To sum up, we must reckon with the growing movement, which has increased a hundredfold, with the new tempo of the work, with the freer atmosphere and the wider field of activity. The work must be given an entirely different scope. Methods of training should be refocussed from peaceful instruction to military operations. Young fighters should be recruited more boldly, widely, and rapidly into the ranks of all and every kind of our organisations. Hundreds of new organisations should be set up for the purpose without a moment’s delay. Yes, hundreds; this is no hyperbole, and let no one tell me that it is “too late” now to tackle such a broad organisational job. No, it is never too late to organise. We must use the freedom we are getting by law and the freedom we are taking despite the law to strengthen and multiply the number of Party organisations of all varieties. Whatever the course or the outcome of the revolution may be, however early it may be checked by one or other circumstance, all its real gains will be rendered secure and reliable only insofar as the proletariat is organised.
The slogan “Organise!" which the adherents of the majority wanted to issue, fully formulated, at the Second Congress must now be put into effect immediately. If we fail to show bold initiative in setting up new organisations, we shall have to give up as groundless all pretensions to the role of vanguard. If we stop helplessly at the achieved boundaries, forms, and confines of the committees, groups, meetings, and circles, we shall merely prove our own incapacity. Thou sands of circles are now springing up everywhere without our aid, without any definite programme or aim, simply under the impact of events. The Social-Democrats must make it their task to establish and strengthen direct contacts with the greatest possible number of these circles, to assist them, to give them the benefit of their own knowledge and experience, to stimulate them with their own revolutionary initiative. Let all such circles, except those that are avowedly non-Social-Democratic, either directly join the Party or align themselves with the Party. In the latter event we must not demand that they accept our programme or that they necessarily enter into organisational relations with us. Their mood of protest and their sympathy for the cause of international revolutionary Social-Democracy in themselves suffice, provided the Social-Democrats work effectively among them, for these circles of sympathisers under the impact of events to be transformed at first into democratic assistants and then into convinced members of the Social-Democratic working-class party.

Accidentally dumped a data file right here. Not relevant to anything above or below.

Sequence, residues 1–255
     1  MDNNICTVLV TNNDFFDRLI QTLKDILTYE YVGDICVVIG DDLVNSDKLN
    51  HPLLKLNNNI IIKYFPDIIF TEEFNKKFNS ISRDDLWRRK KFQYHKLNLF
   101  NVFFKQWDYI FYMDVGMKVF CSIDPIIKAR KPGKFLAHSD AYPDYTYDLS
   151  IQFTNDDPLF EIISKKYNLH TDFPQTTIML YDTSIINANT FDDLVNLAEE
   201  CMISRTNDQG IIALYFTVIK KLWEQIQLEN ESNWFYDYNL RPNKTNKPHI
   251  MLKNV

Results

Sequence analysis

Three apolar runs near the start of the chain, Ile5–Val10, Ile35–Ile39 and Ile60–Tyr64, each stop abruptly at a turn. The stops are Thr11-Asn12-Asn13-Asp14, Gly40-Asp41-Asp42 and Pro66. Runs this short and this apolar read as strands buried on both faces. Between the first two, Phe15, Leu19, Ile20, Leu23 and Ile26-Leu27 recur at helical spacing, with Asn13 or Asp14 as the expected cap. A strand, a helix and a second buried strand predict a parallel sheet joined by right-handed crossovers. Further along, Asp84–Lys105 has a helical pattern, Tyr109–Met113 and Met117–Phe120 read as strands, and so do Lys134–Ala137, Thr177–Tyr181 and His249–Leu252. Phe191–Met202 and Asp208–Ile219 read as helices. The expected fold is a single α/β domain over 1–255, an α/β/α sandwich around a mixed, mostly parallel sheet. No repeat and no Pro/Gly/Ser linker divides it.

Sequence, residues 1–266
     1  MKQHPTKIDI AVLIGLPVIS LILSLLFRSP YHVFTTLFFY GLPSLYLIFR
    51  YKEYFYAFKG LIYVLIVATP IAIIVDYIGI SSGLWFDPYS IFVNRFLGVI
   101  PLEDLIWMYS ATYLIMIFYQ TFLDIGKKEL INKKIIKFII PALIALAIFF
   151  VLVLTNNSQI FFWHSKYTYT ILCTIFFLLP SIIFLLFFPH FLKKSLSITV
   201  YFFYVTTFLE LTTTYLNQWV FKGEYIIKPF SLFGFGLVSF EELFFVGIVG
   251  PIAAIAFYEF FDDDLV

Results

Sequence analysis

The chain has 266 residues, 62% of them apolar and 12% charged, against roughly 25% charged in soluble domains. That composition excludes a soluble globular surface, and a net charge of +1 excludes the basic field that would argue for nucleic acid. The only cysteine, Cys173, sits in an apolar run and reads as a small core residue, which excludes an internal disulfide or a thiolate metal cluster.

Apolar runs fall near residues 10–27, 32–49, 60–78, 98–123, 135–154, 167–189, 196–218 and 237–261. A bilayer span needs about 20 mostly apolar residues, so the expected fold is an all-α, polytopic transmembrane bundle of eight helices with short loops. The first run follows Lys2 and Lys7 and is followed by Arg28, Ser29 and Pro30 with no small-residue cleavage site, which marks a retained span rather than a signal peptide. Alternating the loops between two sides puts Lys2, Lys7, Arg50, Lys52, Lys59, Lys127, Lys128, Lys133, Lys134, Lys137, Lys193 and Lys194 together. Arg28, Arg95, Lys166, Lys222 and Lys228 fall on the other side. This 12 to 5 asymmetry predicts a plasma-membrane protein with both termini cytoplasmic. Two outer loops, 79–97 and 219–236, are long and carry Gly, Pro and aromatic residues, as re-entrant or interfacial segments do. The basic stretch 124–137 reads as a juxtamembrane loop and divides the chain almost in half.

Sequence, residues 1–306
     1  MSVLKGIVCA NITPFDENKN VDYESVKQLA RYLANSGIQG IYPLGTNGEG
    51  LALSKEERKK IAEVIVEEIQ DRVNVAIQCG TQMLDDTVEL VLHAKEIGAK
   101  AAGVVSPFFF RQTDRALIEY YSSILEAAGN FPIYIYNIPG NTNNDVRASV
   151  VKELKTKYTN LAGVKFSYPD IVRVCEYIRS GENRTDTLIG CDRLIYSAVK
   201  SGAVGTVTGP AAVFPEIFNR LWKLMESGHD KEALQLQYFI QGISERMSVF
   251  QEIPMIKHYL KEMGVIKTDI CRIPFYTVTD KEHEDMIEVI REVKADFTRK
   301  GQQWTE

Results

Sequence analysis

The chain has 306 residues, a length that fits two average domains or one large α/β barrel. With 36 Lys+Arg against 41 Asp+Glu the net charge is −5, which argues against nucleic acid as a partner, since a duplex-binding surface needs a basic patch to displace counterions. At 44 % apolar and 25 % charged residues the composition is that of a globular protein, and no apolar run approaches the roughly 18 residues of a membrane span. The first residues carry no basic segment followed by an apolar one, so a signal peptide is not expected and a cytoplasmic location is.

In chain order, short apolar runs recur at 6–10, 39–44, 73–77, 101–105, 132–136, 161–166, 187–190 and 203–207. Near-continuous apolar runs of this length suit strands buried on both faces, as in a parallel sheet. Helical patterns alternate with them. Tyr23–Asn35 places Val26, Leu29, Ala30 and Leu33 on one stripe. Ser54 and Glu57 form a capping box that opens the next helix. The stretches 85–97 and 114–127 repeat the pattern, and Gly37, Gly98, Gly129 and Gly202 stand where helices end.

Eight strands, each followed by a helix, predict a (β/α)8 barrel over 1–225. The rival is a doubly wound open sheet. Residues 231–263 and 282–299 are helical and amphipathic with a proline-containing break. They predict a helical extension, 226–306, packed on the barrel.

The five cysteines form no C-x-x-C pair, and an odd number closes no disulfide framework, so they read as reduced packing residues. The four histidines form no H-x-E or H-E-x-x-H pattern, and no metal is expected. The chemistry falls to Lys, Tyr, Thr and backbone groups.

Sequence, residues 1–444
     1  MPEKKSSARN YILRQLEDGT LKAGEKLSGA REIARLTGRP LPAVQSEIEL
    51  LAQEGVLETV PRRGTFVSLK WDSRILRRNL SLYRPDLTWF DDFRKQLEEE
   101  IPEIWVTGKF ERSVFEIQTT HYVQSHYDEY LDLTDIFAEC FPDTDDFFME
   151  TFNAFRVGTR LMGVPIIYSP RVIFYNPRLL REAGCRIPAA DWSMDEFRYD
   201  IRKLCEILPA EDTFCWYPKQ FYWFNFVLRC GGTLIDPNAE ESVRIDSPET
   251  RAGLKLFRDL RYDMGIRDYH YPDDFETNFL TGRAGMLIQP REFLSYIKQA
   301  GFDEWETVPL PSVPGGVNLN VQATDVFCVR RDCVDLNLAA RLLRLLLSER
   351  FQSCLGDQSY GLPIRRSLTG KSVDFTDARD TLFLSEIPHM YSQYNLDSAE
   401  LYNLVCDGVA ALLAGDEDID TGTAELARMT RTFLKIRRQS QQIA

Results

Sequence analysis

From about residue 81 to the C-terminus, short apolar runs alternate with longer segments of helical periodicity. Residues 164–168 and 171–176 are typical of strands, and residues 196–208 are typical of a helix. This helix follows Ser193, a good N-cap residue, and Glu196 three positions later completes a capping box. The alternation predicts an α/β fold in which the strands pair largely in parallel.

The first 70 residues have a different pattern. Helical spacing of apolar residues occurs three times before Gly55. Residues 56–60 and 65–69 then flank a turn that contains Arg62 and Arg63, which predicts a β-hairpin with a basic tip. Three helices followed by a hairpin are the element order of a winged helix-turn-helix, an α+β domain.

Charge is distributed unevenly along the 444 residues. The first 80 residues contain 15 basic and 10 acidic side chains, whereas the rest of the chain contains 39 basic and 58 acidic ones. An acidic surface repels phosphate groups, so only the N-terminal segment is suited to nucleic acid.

There are masses of people, and we are short of people; this contradictory formula has long expressed the contradictions between the organisational life and the organisational needs of the Social-Democratic Party. Today this contradiction is more salient than ever before; we often hear from all sides passionate appeals for new forces, complaints about the shortage of forces in the organisations, while at the same time we have everywhere countless offers of service, a growth of young forces, especially among the working class. The practical organiser who complains of a shortage of people under such circumstances becomes the victim of the illusion from which Madame Roland suffered, when she wrote in 1793, at the peak of the Great French Revolution, that France had no men, that there were only dwarfs. People who talk in this manner do not see the wood for the trees; they admit that they are blinded by events, that it is not they, the revolutionaries, who control events in mind and deed, but events that control them and have overwhelmed them. Such organisers had better retire and leave the field clear for younger forces who often make up with verve what they lack in experience.
There is no dearth of people; never has revolutionary Russia had such a multitude of people as now. Never has a revolutionary class been so well off for temporary allies, conscious friends, and unconscious supporters as the Russian proletariat is today. There are masses of people; all we need do is get rid of tail-ist ideas and precepts, give full scope to initiative and enterprise, to “plans” and “undertakings”, and thus show ourselves to be worthy representatives of the great revolutionary class. Then the proletariat of Russia will carry through the whole great Russian revolution as heroically as it has begun it.
 See pp. 56-62 of this volume.—Ed.
 See present edition, Vol. 5, p. 455.—Ed.
 See present edition, Vol. 5, p. 491.—Ed.
 See pp. 83-89 of this volume.—Ed.
 The Exceptional Law Against the Socialists was promulgated in Germany in 1878. The law suppressed all organisations of the Social-Democratic Party, mass working-class organisations, and the labour press; socialist literature was confiscated; and the banishing of socialists began. The law was annulled in 1890 under pressure of the mass working-class movement.